There are actually 3 versions of the Roland TD-20 Sound Module and it is not easy to spot the differences. In this post, I will explain the differences in detail.
Type 1: Roland TD-20 Soundmodule
The first generation TD-20 module is the silver/grey module with the dark grey side panels.
It was produced from 2004-2008 and was the first TD-20 module which usually came with the flagship TD-20S drum set. A 5 piece set with either white or black shells and black rubber cymbals.
This module is really powerful, it supports both VH-11 & 12 hi-hats, a 3-way ride, Positional Sensing and has a huge number of inputs as well as 8 audio outputs. It has a “Percussion Set” that can be triggered by an additional sound module (slave), to connect even more pads. (Find more info about chaining 2 drum modules here and here).
However, the sounds are not great and they really sound like 2004. There are plenty of editing features for the instruments and some EQ editing features too.
This module has a second-hand market value of 600-800€. It is great for drummers that want to connect a lot of pads and use it as a MIDI trigger for Sample Software.
The weakness is the not as accurate VH-12 hi-hat triggering and the ancient sounds.
Type 2: Roland TDW-20 Expansion Board
In 2008, Roland released a newer version of the TD-20 with a lot of improvements and new features, namely “TD-20X”. But also an expansion card (TDW-20) for all first generation module owner’s, to give them the option to expand their module to the level of that new TD-20X.
So the TDW-20 is only and the piece of electronic gear that gets inserted into the old TD-20 module to raise it to the same level as the new TD-20X. But what are the improved features? This will be answered in the next chapter(TD-20X).
The TDW-20 Expansion consist:
- Expansion Card
- 2 stickers
The upgraded TD-20 module does usually receive 2 red stickers that verify the TDW upgrade from the outside. An expanded Roland TD-20 Sound Module (with TDW-20 inserted) costs usually from 850-1000€ on the second-hand market. The expansion board itself is really rare and can be found on eBay or reverb sometimes. The price of an expansion board is 300€/350$. This piece is expensive!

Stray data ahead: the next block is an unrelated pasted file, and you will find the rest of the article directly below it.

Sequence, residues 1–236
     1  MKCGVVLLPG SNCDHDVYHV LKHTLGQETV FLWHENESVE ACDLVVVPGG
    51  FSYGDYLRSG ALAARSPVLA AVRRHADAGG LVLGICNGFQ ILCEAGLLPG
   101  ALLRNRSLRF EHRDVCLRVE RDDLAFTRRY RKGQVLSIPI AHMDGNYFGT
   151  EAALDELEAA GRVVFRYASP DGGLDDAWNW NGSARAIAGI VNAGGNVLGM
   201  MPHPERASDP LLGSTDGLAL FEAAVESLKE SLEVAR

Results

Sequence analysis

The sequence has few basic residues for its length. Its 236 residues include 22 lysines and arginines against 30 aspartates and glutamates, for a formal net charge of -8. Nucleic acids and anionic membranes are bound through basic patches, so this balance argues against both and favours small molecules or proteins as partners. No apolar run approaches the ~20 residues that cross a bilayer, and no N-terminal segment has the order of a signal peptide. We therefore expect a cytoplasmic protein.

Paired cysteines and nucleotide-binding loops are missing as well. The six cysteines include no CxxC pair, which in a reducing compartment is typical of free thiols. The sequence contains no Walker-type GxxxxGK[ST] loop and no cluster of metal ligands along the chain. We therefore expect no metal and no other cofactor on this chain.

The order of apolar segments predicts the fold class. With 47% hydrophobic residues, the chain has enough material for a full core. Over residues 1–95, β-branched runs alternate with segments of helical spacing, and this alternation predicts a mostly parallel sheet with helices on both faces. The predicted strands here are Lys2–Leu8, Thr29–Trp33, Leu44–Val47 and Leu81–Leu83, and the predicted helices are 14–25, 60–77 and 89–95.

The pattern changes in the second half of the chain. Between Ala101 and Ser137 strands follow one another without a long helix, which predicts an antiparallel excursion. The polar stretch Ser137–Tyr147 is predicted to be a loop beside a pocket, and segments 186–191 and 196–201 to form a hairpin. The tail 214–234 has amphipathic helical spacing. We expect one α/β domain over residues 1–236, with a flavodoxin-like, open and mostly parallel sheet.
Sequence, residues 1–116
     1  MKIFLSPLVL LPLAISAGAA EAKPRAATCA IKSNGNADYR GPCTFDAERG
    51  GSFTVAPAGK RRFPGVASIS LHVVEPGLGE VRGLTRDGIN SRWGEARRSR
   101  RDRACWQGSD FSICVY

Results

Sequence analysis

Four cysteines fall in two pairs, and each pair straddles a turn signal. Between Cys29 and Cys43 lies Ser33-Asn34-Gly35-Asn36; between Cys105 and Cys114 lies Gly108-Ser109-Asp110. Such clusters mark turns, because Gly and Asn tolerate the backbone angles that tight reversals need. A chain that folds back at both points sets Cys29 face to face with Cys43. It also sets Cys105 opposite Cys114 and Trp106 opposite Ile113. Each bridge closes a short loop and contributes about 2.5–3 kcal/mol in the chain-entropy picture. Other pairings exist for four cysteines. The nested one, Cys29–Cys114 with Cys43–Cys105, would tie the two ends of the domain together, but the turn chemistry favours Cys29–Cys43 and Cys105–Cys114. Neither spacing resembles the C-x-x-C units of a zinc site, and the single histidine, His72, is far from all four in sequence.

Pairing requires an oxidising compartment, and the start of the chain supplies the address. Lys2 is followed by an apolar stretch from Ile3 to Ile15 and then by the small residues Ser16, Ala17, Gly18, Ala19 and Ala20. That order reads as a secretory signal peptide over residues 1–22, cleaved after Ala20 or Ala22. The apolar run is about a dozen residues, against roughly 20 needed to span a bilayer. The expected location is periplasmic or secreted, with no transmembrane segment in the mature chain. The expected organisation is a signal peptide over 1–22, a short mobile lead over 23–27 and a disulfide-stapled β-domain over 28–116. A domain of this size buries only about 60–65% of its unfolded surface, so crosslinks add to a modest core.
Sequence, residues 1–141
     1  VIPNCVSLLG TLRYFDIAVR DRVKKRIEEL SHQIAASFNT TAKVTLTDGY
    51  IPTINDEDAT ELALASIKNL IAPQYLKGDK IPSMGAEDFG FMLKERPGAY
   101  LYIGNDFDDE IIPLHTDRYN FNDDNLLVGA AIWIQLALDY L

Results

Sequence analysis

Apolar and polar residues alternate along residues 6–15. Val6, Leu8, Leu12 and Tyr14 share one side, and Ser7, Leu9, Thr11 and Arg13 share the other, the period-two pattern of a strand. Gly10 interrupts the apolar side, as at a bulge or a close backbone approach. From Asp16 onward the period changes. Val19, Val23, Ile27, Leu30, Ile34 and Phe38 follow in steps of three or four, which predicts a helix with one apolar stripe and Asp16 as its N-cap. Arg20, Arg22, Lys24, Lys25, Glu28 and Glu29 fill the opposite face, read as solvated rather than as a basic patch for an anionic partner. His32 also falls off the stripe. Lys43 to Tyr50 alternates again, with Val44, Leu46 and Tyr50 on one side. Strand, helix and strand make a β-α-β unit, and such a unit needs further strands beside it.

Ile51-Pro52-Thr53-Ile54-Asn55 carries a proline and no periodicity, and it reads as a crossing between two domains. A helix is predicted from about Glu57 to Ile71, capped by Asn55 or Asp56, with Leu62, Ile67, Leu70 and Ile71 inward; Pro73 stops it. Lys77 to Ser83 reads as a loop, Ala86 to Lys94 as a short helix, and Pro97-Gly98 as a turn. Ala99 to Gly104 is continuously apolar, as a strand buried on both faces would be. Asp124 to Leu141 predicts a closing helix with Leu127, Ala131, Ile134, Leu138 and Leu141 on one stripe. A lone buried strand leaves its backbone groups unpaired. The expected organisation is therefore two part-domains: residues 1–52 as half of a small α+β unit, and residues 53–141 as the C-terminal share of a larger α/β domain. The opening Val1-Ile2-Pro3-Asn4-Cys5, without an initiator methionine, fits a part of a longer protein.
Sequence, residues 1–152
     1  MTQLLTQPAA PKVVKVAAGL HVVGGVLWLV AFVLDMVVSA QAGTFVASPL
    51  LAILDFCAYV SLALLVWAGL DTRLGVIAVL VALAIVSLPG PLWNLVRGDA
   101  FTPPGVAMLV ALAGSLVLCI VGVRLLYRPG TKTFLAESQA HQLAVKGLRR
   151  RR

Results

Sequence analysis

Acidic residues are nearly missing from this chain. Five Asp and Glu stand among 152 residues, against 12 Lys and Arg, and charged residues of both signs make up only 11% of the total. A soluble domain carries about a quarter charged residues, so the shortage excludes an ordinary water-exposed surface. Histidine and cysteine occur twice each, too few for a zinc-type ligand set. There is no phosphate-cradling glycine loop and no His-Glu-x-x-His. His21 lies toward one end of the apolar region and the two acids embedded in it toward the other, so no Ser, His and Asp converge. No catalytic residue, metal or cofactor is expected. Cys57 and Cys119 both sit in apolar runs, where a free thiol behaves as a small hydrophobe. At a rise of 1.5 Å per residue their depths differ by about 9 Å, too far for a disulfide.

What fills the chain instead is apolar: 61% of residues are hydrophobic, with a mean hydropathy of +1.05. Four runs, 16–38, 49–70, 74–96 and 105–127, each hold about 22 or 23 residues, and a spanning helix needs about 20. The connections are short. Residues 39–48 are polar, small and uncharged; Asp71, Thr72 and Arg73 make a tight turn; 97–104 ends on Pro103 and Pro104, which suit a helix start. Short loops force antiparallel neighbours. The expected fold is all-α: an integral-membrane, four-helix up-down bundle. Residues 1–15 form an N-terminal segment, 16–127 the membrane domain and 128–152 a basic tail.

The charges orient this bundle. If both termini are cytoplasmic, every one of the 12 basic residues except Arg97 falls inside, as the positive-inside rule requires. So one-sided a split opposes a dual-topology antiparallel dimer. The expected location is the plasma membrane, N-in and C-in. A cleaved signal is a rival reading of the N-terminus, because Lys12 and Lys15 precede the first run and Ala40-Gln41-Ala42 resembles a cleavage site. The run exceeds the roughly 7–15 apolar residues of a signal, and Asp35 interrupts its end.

I would advise you to buy an expanded TD-20 module than an expansion board included. It will just become too expensive to add it afterwards.
Type 3: Roland TD-20X Soundmodule
In 2008 Roland has released the TD-20KX drum set with chrome pads and silver cymbals. The matching module was the TD-20X, an improved version of the normal TD-20. The housing is 100% identical to the old version, except the colours. The module has a dark grey body and silver side panels.
Just to be clear. The TD-20X is basically the same thing as an old TD-20 with a TDW expansion. So it has all features of the first TD-20 plus additional TDW-20 functionality.
TD-20 + TDW-20 = TD-20X
But what is better about the newer TD-20X/TDW-20?
The trigger dynamic has been improved a lot, which is mostly notable when playing the hi-hat. The VH-12 becomes so much more accurate. This is a big improvement and for me the reason why I would always prefer A TD-20X/TDW-20 over a first generation TD-20. Also, the number of drum kits and instruments have been increased from 50 to 100.
One of the best features are the improved sound editing features. There are drum microphones that can be positioned and the kit sound settings became much more realistic. In short, the instrument editing functions are similar to the TD-30 editing functions. Programming good sounding custom kits became easier.
A TD-20X costs from 950-1100€ on the second-hand market. I would mostly recommend this module since it is definitely newer than the other TD-20/TDW-20. The trigger, sound and case improvements in combination with the max. age of (only) 9 years make the TD-20X version the best choice in my opinion. It is so similar to the TD-30 and is a great option for drummers who use drum sample software but want high dynamic triggering.
Roland TD-12 – The little brother
I think that I should mention the little brother of the TD-20. The TD-12 is a smaller version of the original “First Generation TD-20”, with fewer inputs/sounds and no possibility to be expanded. It was produced from 2005-2012. It cannot reach the level of a TDW-20/TD-20X in terms of sounds and triggering. The VH-12 hi-hat does not respond so well. But the TD-12 is the only “not flagship- module” that can be limitless expanded in terms of trigger inputs since it features the “Percussion Set” as well. You can connect a slave module via MIDI to the TD-12’s MIDI input. That makes it a good cheap alternative to the TD-20, especially for drummers who need endless trigger inputs.
The TD-12 cost from 400-550€ and is a great module to trigger sample software. However, I would not recommend it in combination with a VH-12 hi-hat (It works well with a VH-11) and definitely not if you want to use the module sounds.
I hope you like this article. Thanks for reading.
Find great second-hand gear at reverb.com!